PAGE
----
Here in NC, it's getting pretty warm so I actually moved the ducks outside at 2 weeks - they slept in our greenhouse under a heat lamp at night, but now they are a month old and really big - no heat required.

    Good luck.
     
  6. Smiles-N-Sunshine

    Smiles-N-Sunshine Chillin' With My Peeps

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    Oct 19, 2008
    Palominas, Arizona
    We've brooded ducklings twice now, and are starting to get the hang of it. [​IMG]

    The first time we tried to brood ducklings the same way as chicks. (I suppose everyone tries that.... ONCE!) [​IMG] Now we still use a Rubbermaid chick brooder with "agricultural quality" towels for the first week, then move them outside to a 5' diameter stock tank brooder with lots of pine shavings.

    The pine shavings by the waterer do get wet, but we just stir wet and dry shavings together with a rake. (Works great in a desert climate, maybe not so great in more humid climates???) The brooder lamp helps dry the bedding out as well, even when the ducklings don't need it for warmth any longer.

    Then about every week we add fresh shavings, kind of like the deep litter method, until about the fifth or sixth week when the ducklings are moved to a 10' x 10' straw bale enclosure with straw on the floor, and the waterer is placed on a screen on top of a tub, to keep the mess to a minimum. ("Minimum" being relative, of course.) [​IMG]

    Bryan
     
  7. missred871

    missred871 Eggxhausted Momma

    May 5, 2010
    Perry GA
    Quote:I too discovered puppy pads are fantastic. I wont get into how. Just that they work fantastically. I had to figure out a way to get the water to not spill all over but once that was figured out I only go through two a day (though I have one duckling and 3 chickens in that jumbo dog kennel lol)

    I wanted to add I have brooded three sets of ducklings, I found the best thing has been puppy pads, close second is towels, and last place is shavings, sometimes they want to eat them. A lot of times it gets wet disgusting and can get moldy very quickly. Not to mention the stench. EWWW. I would recommend Walmart (I hate that place but it is worth it) they have about a 200 pack of puppy pads for like 21 dollars. Go for it. I think you will find it works and clean up is rather simple and easy.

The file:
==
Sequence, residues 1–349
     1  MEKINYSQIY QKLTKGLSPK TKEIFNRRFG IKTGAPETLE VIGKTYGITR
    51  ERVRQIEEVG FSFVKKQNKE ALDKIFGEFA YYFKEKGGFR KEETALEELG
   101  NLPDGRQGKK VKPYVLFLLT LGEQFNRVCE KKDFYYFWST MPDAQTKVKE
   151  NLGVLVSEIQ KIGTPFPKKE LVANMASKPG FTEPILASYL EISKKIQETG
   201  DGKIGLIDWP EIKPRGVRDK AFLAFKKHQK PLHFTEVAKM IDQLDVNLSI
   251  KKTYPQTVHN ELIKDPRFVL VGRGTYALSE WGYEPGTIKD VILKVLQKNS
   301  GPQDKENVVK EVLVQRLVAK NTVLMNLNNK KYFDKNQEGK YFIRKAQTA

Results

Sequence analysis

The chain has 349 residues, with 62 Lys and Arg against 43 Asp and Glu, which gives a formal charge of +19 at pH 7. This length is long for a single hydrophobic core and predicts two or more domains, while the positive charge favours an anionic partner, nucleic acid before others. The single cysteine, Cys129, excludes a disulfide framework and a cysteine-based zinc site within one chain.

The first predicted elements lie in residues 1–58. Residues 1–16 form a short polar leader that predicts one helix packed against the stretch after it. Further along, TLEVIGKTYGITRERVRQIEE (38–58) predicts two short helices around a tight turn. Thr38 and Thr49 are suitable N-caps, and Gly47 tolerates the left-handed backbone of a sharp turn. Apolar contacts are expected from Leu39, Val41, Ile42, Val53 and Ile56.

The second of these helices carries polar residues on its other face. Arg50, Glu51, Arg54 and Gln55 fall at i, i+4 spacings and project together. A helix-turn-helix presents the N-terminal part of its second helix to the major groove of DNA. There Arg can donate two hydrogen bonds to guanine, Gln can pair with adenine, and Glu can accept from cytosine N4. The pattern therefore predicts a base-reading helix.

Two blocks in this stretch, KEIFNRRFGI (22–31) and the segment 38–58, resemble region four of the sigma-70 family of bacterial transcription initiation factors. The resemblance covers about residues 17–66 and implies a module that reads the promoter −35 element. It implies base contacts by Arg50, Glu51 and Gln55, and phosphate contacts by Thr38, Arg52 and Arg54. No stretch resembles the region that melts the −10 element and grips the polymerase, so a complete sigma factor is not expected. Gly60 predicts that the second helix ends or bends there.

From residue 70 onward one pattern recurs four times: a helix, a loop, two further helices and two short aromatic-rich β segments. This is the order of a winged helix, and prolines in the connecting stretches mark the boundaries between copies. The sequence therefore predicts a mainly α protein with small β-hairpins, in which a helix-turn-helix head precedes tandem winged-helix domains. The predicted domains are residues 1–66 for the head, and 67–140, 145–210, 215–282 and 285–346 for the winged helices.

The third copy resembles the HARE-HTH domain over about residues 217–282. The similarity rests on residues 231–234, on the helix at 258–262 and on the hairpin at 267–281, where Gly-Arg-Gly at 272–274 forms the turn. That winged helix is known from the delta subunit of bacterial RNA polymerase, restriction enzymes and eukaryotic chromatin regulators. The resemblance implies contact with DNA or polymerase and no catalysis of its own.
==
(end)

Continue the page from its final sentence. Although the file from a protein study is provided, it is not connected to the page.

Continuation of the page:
To the person using a tub: that sounds like it would be amazing.... I thought of it once..... till I realized I only have one bathroom and being without a tub to shower in for a month would just be a bad idea LMAO [​IMG]
     
  8. julie75

    julie75 Chillin' With My Peeps

    With my ducks I did not put any bedding material where their food and water were located. I made a raised platform area that I used for their bedding area. I made the front a little taller so that they would not pull the bedding material out whenever they came out. On the rest of the flooring I used puppy pads that are VERY easy to remove when cleaning. I also used a large plastic lid (off of a 5 gallon bucket) under their waterer which helped contain the water when splashing. I have used this method when brooding 4 to 8 ducks at the time and it has been a life saver.

    Edited to add: As far as bedding material we have used hay, straw and wood shavings with the set up above
     
    Last edited: Apr 26, 2011